|Album Review: The Juice is Worth the Squeeze with Mosie's 'Tangerine'|
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On their debut album, Tangerine, Boston-based bratwurst bump band, Mosie, blasts through expectations to deliver a project that is sweet and tangy in all the right places.
In mixing multiple genres over Tangerine’s 14 tracks (and even, at times, within a single song), Mosie have cooked up a recipe for an exciting and dynamic new sound. While some of the songs get a bit tedious, the majority of Tangerine is a fresh ride through the love life of singer-songwriter Jesse LeVines.
Comprised of Jesse LeVines on all the vocals (except for Hannah Guzman's) and Aidan Brody on the boards, Mosie is a unique presence in music right now. Many contemporary artists are shrugging off genre constraints and blending sounds, but none are doing that with as many unique sounds as Mosie.
Pick any point throughout Tangerine, and you’ll stumble upon a different genre. Whether that’s electronic, pop, hip-hop, funk, 80s or all of the above, depends on where you land. And even if you start a song with funk, it may very well end in 80s pop right under your nose.
Take the opener and title track, “Tangerine” for example. The song starts off as an electro hip-hop record, with LeVines setting up the story of the album as a whole. But in the middle of rapping his first verse, Brody begins to blend the productions, smoothly transitioning from electro hip-hop to full-on funk. And, damn it, it works.
The fluidity these two bring to each song make Tangerine a pleasure to spin. And with LeVines using vocal manipulation to pitch up or down his voice to play different people throughout the story, there’s an unexpected turn in every song. Notice, if you will, that much of the album features a rapper named Bambi. This isn’t, in fact, another artist. Rather, it’s LeVines with a pitched up voice, spitting bars to give a different character's perspective.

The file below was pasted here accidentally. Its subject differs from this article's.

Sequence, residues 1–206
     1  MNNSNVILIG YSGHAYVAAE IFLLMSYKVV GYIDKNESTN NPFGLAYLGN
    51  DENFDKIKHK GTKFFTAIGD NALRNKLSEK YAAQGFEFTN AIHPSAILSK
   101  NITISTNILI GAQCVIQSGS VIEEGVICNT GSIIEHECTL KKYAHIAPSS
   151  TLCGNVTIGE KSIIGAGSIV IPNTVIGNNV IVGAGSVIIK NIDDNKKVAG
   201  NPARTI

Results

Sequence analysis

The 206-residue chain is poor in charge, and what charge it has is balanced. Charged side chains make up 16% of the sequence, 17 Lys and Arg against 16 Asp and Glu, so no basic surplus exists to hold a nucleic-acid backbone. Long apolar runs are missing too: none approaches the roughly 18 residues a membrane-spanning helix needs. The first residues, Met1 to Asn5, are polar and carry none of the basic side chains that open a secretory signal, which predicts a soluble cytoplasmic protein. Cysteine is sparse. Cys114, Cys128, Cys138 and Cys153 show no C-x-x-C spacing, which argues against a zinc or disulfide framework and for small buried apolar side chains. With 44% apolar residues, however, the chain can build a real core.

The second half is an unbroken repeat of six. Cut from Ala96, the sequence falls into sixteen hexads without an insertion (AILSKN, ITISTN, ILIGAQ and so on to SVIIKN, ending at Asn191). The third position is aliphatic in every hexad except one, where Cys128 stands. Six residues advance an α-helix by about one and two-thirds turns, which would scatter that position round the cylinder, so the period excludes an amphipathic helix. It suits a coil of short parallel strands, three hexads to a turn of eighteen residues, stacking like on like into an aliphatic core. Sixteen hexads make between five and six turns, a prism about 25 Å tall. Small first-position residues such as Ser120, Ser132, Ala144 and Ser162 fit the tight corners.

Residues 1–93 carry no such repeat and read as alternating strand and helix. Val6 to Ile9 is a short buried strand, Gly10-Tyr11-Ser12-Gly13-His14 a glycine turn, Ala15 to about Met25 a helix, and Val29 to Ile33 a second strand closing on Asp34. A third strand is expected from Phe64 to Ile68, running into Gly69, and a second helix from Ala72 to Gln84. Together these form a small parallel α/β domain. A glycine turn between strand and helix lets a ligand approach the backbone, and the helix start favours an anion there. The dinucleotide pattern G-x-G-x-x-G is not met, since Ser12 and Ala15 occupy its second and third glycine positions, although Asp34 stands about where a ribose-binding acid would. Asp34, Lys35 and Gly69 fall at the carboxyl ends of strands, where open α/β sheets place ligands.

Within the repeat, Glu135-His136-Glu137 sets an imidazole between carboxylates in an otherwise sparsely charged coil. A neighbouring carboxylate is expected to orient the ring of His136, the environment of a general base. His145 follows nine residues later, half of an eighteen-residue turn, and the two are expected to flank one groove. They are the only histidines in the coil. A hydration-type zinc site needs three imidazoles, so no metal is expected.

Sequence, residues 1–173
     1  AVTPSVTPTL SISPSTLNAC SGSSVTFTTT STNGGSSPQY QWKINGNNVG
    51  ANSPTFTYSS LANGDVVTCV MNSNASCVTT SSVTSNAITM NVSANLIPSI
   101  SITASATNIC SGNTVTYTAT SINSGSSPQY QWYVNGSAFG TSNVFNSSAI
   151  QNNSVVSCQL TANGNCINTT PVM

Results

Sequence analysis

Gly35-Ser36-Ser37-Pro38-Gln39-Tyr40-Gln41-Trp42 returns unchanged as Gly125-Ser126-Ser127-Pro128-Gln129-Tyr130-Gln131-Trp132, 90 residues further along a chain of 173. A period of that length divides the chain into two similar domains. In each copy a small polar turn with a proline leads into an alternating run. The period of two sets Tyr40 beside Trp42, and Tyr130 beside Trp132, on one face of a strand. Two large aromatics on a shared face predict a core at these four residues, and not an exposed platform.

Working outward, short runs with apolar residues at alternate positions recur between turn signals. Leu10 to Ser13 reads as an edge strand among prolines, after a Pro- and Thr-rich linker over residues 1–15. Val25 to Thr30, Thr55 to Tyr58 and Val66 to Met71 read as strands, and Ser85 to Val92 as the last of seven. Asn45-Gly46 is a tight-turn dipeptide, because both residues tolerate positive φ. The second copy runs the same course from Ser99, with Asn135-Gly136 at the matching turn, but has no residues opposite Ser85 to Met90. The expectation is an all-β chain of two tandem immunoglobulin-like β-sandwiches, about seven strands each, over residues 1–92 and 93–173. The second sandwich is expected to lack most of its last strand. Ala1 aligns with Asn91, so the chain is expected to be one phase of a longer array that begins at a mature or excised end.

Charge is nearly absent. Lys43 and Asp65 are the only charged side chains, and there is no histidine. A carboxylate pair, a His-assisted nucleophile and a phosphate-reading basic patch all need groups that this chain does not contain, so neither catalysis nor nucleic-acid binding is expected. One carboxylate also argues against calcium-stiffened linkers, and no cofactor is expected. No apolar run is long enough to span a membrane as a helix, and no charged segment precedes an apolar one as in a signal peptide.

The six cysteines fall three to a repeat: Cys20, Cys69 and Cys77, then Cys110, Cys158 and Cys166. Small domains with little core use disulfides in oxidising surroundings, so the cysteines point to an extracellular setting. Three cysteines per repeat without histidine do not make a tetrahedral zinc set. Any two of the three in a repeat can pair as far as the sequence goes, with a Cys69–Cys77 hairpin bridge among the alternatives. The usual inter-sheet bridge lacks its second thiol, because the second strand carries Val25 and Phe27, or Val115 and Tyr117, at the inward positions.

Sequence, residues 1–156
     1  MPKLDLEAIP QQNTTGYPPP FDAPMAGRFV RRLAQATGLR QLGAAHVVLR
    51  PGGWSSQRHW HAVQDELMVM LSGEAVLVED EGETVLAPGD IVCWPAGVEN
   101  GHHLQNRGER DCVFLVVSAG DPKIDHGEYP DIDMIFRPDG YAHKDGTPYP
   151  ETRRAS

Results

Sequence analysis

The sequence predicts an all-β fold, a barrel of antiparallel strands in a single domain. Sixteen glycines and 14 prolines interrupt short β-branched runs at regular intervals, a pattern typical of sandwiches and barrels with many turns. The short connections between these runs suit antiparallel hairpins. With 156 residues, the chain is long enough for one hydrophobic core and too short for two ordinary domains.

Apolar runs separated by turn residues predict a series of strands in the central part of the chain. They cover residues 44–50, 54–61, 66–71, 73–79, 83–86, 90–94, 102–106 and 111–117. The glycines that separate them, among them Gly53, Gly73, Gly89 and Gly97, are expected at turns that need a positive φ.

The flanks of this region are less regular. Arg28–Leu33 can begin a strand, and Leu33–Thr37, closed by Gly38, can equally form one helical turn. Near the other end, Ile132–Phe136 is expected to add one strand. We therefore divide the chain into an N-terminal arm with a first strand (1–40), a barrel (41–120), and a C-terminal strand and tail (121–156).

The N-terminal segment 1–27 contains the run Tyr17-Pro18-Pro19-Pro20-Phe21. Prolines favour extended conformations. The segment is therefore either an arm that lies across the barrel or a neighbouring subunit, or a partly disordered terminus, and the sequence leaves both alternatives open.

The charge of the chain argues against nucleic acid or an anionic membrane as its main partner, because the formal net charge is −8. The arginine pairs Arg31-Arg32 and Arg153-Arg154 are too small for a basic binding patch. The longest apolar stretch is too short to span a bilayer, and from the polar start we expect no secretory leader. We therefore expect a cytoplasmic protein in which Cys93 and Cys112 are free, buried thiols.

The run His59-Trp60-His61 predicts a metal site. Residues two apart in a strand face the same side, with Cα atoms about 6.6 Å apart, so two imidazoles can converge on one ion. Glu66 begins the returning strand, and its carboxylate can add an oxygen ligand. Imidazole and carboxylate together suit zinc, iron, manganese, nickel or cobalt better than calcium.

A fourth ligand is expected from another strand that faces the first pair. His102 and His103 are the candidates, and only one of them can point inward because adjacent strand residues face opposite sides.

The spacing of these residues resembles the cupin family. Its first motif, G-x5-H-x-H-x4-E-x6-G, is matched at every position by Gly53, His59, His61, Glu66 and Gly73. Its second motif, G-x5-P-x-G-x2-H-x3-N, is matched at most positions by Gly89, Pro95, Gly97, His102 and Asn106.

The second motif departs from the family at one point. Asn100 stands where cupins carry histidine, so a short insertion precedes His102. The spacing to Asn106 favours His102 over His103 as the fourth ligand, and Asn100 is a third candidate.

While the above is fantastic for the most part, there are a few times where they try to fit in just a bit too much. The album plays out as a chronological love story. LeVines meets a girl, and then things play out like they do in real life. There are ups and downs (“Strayhorn” and “Pinocchio”), bouts of jealousy (“Sunshine”), periods of depression (“Taxi”), and of course, intoxication (“High Life” and “Roll Up”). Things go overboard during one of our hero’s nightmares, which is articulated through the song, “Marilyn.”
Even if you weren’t paying attention to the story, LeVines and Brody do a fantastic job conveying a woozy majesty and hypnotic air both in the vocal delivery and backing productions on “Marilyn.” Brody layers a wafting haze over the track while the percussions are slow and spaced out. As things go from dream to nightmare, though, the guys take it too far. The repeated refrain of “maybe any man that’s ever fuckin wronged her has only ever made her fuckin stronger” starts off as compelling, but after nearly three minutes, it grows tiresome. The idea is appreciated, and execution is exciting with LeVines starting out softly and building to thunderous screams, but it felt gratuitous towards the end.
Likewise, “Clementine” feels out of place for the overall project. The record starts off so hot with its varying deliveries and colorful palette that the conclusion of “Clementine” doesn’t sit right. It’s not an awful song by any means, but its spacy productions and two-minute outro feel better suited as a bonus track, than a send-off.
These, however, are small gripes. The single, “[email protected],” bounces with zest and delivers epic lines like "don't you gimme no ring, gimme cuffs on my wrists." While "Sunshine" juxtaposes Brody's slap-happy pianos and percussions with LeVines jealous and brooding lyrics. And those are but two examples. For the most part, Tangerine is a wild ride with deep lyricism and fantastic productions. It'll make you laugh. It'll make you dance. And it will make you replay the record over and over.
With a debut like Tangerine, one has to wonder, how long will it be before Massachusetts changes their state food from the Cranberry to something with a bit more zest?